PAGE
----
In a March 19 article on the U.S. website “War on the Rocks,” under the original title : Colossus or Collapse – Five Myths Influencing the U.S. China (Policy) Debate: How to Build and Maintain Political Consensus at Home and Abroad
The challenge is how to build and maintain a political consensus at home and abroad, and to compete in a balanced way that does not lead to disaster. This is by no means an easy task. Currently, the U.S. public’s perception of China is at an all-time low, which weakens support for a stable relationship between the two countries. A key challenge for U.S. policymakers facing discussions at home and abroad is to ensure that these discussions are based on sound analytical judgments about China and U.S.-China dynamics. We are concerned about five commonly held myths about China in the U.S..
The first is the idea that the Chinese economy is on the verge of collapse or, conversely, that China is an unstoppable juggernaut. First, the Chinese economy is neither surging toward global dominance nor declining rapidly to the point of eventual collapse. The best way to look at China’s economy is to acknowledge its sheer size and continued growth, but also to recognize that it faces both immediate and structural challenges.
But importantly, Beijing’s actions in recent years have shown that it has the resources and tools to manage these risks, or at least push them into the future. Financial risk is the most likely catalyst for a crisis, but it is mitigated by the strong balance sheets of state-owned banks, tightly managed capital accounts, and ample liquidity provisions by the central bank. Structural challenges, such as a shrinking labor force and an aging population, will constrain China’s growth, but the leadership hopes to achieve growth through innovation.
Beijing’s ability to maintain this delicate balance is due in large part to its ability to proactively identify and address current risks, prioritize them, and then mobilize resources to address them. Of course, continued economic growth has made it easier to manage these risks.
The second myth is that China has an ambitious plan to 2049, and that this plan will virtually guarantee China’s great power status. The reality is that this is overstated. If there is one thing that the Chinese Communist Party is good at, it is making plans. However, making a plan and executing it, especially in the long run, are very different things. This is not to deny the diversity of challenges that China presents to the United States, such as economically, technologically or militarily. China’s achievements in these three areas are impressive, and the United States needs to do a better job of competing in these areas.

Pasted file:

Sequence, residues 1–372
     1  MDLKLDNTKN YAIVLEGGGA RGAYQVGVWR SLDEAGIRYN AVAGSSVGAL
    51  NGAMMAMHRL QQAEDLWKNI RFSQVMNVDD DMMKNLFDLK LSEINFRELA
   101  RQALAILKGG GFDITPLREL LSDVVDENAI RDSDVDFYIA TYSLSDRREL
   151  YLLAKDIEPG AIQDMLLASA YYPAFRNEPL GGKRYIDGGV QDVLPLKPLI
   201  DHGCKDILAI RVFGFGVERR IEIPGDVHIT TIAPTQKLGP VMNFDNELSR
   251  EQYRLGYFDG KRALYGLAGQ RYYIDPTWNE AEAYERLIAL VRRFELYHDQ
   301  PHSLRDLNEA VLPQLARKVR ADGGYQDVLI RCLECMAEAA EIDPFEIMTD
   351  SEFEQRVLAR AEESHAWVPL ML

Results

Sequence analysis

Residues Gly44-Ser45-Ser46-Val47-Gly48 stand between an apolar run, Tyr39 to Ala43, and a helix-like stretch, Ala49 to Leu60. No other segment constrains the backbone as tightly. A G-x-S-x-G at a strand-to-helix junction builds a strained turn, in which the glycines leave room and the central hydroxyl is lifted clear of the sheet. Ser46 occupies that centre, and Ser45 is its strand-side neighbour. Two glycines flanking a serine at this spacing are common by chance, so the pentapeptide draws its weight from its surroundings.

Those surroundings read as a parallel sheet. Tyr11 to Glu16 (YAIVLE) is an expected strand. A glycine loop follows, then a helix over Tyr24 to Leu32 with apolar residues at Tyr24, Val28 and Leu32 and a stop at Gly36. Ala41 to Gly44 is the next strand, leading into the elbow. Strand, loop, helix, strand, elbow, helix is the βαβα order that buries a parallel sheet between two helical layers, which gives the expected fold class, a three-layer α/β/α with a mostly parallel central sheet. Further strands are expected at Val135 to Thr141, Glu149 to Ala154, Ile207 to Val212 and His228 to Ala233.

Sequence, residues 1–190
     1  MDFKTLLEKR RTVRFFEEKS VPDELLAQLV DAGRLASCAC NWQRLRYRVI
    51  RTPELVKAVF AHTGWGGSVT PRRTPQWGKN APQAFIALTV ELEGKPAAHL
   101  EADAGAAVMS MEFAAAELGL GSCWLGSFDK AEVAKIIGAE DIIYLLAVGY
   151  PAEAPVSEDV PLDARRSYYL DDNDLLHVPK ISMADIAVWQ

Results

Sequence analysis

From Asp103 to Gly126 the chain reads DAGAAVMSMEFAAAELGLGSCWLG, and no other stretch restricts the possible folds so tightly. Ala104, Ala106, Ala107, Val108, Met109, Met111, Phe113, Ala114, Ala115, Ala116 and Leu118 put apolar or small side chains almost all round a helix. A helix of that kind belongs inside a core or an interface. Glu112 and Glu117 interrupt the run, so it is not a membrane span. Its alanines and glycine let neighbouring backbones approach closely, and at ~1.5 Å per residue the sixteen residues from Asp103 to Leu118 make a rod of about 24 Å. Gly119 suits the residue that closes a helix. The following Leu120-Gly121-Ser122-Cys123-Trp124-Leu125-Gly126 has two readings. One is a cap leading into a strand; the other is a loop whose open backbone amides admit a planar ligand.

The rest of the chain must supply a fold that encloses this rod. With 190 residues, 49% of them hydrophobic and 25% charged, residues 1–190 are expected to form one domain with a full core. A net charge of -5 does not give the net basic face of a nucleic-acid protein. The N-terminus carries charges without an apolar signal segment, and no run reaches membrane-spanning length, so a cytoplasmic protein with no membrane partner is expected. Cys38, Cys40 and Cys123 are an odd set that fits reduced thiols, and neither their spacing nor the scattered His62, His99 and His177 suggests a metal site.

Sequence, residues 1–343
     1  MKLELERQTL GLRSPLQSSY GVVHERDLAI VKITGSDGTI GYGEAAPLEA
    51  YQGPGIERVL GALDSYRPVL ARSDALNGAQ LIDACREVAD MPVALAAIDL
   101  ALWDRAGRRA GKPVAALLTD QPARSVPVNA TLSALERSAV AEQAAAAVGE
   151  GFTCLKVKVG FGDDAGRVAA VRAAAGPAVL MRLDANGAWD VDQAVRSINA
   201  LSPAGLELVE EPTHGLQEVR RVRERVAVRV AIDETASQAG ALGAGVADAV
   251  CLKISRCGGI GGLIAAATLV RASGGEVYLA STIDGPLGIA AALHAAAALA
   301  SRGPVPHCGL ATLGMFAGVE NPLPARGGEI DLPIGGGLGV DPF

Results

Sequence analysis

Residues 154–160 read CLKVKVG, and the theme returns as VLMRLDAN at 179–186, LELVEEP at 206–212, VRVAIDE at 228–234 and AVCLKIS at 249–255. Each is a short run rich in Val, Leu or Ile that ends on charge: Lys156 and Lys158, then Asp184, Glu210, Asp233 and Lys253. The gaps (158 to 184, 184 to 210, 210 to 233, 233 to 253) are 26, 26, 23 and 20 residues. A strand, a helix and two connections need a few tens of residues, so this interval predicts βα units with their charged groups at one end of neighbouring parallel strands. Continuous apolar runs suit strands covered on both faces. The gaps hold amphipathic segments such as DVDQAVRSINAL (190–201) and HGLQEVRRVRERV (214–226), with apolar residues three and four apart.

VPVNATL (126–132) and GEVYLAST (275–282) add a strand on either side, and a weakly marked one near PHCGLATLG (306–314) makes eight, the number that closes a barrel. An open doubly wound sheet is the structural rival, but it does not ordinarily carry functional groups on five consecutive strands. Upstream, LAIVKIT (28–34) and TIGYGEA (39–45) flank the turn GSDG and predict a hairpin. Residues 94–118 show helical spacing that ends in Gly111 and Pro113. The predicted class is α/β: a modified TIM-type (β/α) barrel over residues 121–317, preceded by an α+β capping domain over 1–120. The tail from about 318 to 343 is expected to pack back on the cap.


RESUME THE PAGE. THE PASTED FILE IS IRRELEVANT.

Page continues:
Third, there are as many myths about China’s foreign behavior as there are about its domestic policies. One of the most common is the idea that China is prepared to use force against Taiwan in the next two to three years. This is a misinterpretation of China’s strategy toward Taiwan and the current state of cross-Strait relations. Chinese leaders have long considered the Taiwan issue to be fundamentally a political rather than a military one. They have preferred deterrence to prevent “Taiwan independence” to compel forcible reunification.
Beijing has preferred to create a situation in which the Taiwanese people and their leaders recognize that their future is inevitably tied to the mainland and then negotiate reunification on Beijing’s terms. Even against the backdrop of heightened cross-strait tensions, there is no evidence that Beijing is prepared to use full-scale force against Taiwan in the next two to three years.
A fourth related myth is the notion that Beijing will launch a war, perhaps against Taiwan, if China’s economy slows down and its domestic challenges accumulate. This notion does not conform to China’s current political reality, nor does it conform to China’s long-term strategic thinking..
A final myth is that the U.S. policy of past engagement (with China) has been a complete failure, the kind of policy based on a naive hope that China will reform politically and economically. This is a misrepresentation of past U.S. practices and current Chinese challenges. The U.S. engagement policy, in areas such as dialogue and cultural exchanges, is not based on a naive certainty that China will liberalize politically and economically. Unless one is prepared to argue for complete and total isolation of China, including complete decoupling from the Chinese economy, the real debate should be about how much engagement and under what circumstances.
Clarifying the five myths mentioned above is the first step in laying a realistic foundation for a new approach toward China and the U.S.-China relationship. Regardless of one’s position on the policy that the United States and its allies should adopt, the debate must first be based on a clear assessment of China that rejects popular misconceptions and common misperceptions and accepts the reality of China’s capabilities, intentions, strengths, and weaknesses.
(The original article referred to in this item can be seen here. It does not carry the sub-title in italics above)